The law says, “Any person who intentionally fails for 120 or more consecutive days to provide spousal, grandchild, or child support which the person knows or reasonably should know the person is legally obligated to provide is guilty of a Class I felony. A prosecutor may charge a person with multiple counts for a violation under this subsection if each count covers a period of at least 120 consecutive days and there is no overlap between periods.”
That part of the law refers to a period of about four months, but what if you fail to pay child support for a shorter amount of time?
You can still be charged with a crime.
The law says, “Any person who intentionally fails for less than 120 consecutive days to provide spousal, grandchild or child support with the person knows or reasonably should know the person is legally obligated to provide is guilty of a Class A misdemeanor.”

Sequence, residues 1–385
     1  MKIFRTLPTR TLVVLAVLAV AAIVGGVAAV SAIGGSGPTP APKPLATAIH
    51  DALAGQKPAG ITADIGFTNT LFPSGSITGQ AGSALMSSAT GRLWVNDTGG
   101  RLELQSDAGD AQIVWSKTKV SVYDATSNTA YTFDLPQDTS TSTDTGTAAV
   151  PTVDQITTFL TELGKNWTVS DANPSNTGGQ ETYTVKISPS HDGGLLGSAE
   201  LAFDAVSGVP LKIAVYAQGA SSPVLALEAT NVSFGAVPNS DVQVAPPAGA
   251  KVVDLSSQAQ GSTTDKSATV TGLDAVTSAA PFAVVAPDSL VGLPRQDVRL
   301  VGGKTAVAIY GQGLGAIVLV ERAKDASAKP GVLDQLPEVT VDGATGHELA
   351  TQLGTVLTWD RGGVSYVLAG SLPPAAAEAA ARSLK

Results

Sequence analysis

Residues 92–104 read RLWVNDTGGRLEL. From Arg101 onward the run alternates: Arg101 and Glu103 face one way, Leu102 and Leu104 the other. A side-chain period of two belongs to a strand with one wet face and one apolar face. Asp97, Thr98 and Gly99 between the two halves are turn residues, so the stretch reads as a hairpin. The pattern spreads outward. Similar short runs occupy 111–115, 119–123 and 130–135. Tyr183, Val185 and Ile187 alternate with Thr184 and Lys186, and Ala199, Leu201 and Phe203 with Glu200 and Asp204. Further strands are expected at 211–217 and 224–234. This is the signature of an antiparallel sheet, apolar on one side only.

If you can’t afford to provide support, that’s another story—but you can’t just show up and claim that you couldn’t afford it after not paying it. You’ll have to petition the court to change your support obligation if you want to avoid flirting with jail time.
When your ex doesn’t let you see your children, you have the right to ask the court to intervene. For many people, that means getting in touch with a Milwaukee child custody attorney who can help.
Do You Need to Talk to a Lawyer About Your Ex Keeping Your Kids From You?
If your ex isn’t letting you see your kids and you need to talk to a custody attorney in Milwaukee, call us at 414-383-6700 or 262-650-6700. We may be able to help you.